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Silverman v. Actrade Capital, Inc. (In re Actrade Financial Technologies Ltd.)

United States Bankruptcy Court, S.D. New York
Jun 23, 2005
337 B.R. 791 (Bankr. S.D.N.Y. 2005)

Summary

holding that the presence of several badges of fraud can constitute clear and convincing evidence of actual fraudulent intent

Summary of this case from In re Gratch

Opinion

Bankruptcy Nos. 02-16212(ALG), 02-16213(ALG) Adversary No. 04-03601(ALG).

June 23, 2005.

Silverman Perlstein Acampora LLP, By Edward M. Flint, Esq., Ronald J. Friedman, Esq., Jericho, NY, for Kenneth P. Silverman, Esq., Chapter 7 Trustee of Creditor Allou Distributors, Inc.

Bronstein, Gewirtz Grossman, LLC, By Neil D. Grossman, Esq., Edward N. Gewirtz, Esq., Peretz Bronstein, Esq., Noson A. Kopel, Esq., Laura S. Mello, Esq., Schlam Stone Dolan, LLP, By Bennette D. Kramer, Esq., Jeffrey M. Eilander, Esq., New York City, for Actrade Capital, Inc., and The Actrade Liquidation Trust.



MEMORANDUM OF OPINION


INTRODUCTION

Actrade Financial Technologies Ltd. and Actrade Capital, Inc., (together, "Actrade" or the "Debtor") filed for relief under Chapter 11 of the Bankruptcy Code on December 12, 2002 and confirmed a Joint Plan of Liquidation (the "Plan") on January 7, 2004. Under the Plan, they propose to pay all creditors in full and to make a substantial distribution to equity holders, with one significant caveat. The Liquidating Trustee (the "Trustee") of Allou Distributors, Inc. ("Allou"), a company in Chapter 7 liquidation in the Eastern District of New York, has filed a $48 million claim in the Actrade case in which he asserts that Actrade was the recipient of fraudulent conveyances under the Bankruptcy Code and under applicable State law, the New York Debtor Creditor Law ("DCL"). The Allou claim is one of the last substantial unresolved claims in the Actrade case.

Actrade objected to the Allou Trustee's claim, and with the parties' agreement the Allou claim was procedurally formulated as an adversary complaint filed in the Actrade case by the Allou Trustee. Actrade has now moved to dismiss the Trustee's amended complaint (the "Complaint") on the grounds that the Trustee has failed to state a claim upon which relief can be granted under Fed.R.Civ.P. 12(b)(6) and has failed to plead fraud with the specificity required by Fed.R.Civ.P. 9(b). For the reasons set forth below, Actrade's motion to dismiss is granted in part and denied in part.

FACTS THE FACTS AS ALLEGED IN THE COMPLAINT

The following facts alleged in the Complaint, presented in the light most favorable to the plaintiff, are assumed to be true for purposes of this motion.

I. The Allou Fraud

Prior to its bankruptcy, Allou purported to be a nationwide distributor of health and beauty aids, pharmaceuticals, fragrances and cosmetics. (Compl. at ¶ 8.) To finance its operations, Allou entered into an asset-based credit facility with Congress Financial Corp. ("Congress") with a credit line of up to $200 million (the "Loan Agreement"). (Compl. at ¶ 20.) The credit available to Allou under the Loan Agreement was calculated on a daily basis as, roughly, 85% of Allou's eligible accounts receivable plus 60% of Allou's eligible inventory, and Allou was required to regularly certify its inventory and accounts receivable by providing collateral reports to its lender. Id. As of March 2003, Allou had outstanding advances totaling approximately $195 million under the Loan Agreement. Id.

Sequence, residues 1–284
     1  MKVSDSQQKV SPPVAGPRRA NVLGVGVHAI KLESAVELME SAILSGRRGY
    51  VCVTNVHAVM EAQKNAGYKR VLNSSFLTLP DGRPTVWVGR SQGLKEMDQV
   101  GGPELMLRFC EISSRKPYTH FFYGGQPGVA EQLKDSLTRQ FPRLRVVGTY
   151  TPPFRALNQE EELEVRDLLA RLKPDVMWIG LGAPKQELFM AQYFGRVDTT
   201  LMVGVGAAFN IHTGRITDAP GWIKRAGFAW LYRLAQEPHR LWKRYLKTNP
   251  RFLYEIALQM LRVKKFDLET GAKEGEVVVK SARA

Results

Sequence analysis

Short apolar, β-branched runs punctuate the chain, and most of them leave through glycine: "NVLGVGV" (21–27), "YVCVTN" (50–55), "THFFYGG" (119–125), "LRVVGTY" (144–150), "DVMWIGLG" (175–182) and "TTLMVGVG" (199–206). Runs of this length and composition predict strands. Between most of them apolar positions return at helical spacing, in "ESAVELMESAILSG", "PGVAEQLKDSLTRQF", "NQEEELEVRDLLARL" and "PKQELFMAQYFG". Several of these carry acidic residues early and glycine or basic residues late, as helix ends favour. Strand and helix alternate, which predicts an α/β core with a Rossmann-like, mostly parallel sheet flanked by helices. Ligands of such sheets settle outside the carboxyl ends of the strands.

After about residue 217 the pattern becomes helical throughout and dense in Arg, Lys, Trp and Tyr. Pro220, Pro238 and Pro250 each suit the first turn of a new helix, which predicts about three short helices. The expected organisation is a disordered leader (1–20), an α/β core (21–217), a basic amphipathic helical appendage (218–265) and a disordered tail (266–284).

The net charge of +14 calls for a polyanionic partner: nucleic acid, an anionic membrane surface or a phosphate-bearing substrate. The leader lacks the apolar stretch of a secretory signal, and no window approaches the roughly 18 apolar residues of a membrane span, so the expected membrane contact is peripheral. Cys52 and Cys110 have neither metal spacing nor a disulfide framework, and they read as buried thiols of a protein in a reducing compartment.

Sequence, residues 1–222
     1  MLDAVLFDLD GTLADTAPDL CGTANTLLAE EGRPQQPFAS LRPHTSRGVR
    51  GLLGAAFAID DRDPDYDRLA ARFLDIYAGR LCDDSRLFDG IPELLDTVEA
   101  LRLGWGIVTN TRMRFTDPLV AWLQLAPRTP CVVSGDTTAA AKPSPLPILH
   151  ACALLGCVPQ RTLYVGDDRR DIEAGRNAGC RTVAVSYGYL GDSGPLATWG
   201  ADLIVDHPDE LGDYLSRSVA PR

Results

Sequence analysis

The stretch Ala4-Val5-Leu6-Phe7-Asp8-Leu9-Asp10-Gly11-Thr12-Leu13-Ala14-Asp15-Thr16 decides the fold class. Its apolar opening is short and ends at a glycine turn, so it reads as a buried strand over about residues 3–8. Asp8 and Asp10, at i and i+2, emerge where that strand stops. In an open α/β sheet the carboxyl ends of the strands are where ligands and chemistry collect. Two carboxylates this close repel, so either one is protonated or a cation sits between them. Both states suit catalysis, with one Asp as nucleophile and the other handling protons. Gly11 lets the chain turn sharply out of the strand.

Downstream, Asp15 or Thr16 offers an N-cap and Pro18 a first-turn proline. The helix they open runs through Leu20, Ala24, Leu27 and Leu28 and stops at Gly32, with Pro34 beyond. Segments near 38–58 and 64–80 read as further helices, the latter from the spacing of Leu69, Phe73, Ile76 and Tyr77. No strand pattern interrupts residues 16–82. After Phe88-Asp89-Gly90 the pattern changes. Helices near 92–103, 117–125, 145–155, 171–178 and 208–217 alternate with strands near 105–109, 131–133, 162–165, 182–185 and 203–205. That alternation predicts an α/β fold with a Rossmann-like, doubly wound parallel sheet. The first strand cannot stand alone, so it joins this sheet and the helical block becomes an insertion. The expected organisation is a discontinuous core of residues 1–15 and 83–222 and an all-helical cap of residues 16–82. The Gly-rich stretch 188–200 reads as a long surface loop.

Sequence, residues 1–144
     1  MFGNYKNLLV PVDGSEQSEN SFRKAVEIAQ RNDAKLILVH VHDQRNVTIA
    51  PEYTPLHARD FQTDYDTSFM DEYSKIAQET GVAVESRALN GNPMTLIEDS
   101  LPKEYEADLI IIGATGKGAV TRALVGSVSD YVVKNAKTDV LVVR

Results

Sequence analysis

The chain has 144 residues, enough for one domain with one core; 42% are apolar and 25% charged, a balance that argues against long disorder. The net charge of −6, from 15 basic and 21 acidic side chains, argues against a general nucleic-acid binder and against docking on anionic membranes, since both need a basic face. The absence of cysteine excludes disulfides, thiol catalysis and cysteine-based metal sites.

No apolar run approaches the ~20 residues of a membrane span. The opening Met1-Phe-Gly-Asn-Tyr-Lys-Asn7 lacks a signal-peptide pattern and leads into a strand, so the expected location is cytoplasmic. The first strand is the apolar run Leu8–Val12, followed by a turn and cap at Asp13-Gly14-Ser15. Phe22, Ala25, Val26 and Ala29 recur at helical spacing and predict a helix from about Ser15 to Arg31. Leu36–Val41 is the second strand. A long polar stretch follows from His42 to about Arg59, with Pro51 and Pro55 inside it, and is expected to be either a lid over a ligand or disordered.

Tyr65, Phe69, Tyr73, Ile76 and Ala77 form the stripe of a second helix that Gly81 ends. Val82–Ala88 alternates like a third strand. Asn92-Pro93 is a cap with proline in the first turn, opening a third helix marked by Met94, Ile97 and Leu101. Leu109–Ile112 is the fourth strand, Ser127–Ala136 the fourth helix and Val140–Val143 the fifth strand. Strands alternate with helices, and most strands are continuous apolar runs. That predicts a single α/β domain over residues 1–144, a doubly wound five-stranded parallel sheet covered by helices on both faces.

In or about March 2003 it was discovered that Allou had been fraudulently inflating inventory and accounts receivable in its collateral reports in order to artificially inflate its borrowing base. (Compl. at ¶ 21.) While the full extent of the Allou fraud remains unknown, the Trustee alleges that the fraudulent scheme had been ongoing since at least the mid-1990's and that it increased in magnitude and scope over the years. (Compl. at ¶ 22.) The Allou Trustee alleges, among other things, that Allou, under the control of the Jacobs family, created tens of millions of dollars worth of bogus invoices reflecting fictitious sales to alleged customers. (Compl. at ¶ 23.) Allou included the receivables from these fictitious sales in its collateral reports, thereby inflating the amount it was permitted to borrow under the Loan Agreement. Allou also artificially inflated the inventory balance in its collateral reports by engaging in sham purchases from certain affiliated or controlled entities, including Impax Trading Corporation ("Impax") and Evergreen, Inc. ("Evergreen"). (Compl. at ¶ 25.) Allou allegedly used these entities not only to falsify its records as to purchases but, when these entities were paid for goods that never existed, Impax and Evergreen would recycle the funds back to Allou, thereby providing validation for the cash balances and the accounts receivable set forth in Allou's collateral reports. (Compl. at ¶¶ 24, 25.) It is alleged that the Jacobs family attempted to cover up its fraudulent activities by setting fire to Allou's Brooklyn warehouse on September 25, 2002, and by the subsequent attempted bribery of a New York City Fire Marshal. (Compl. at ¶ 27.) In connection with the fraud, approximately $58 million was allegedly stolen by the Jacobs and Jacobs-related entities. (Compl. at ¶ 24.)

Although the transactions were non-existent, the entities listed on the bogus invoices were actual entities, such as WalMart, Sears, and J.C. Penney.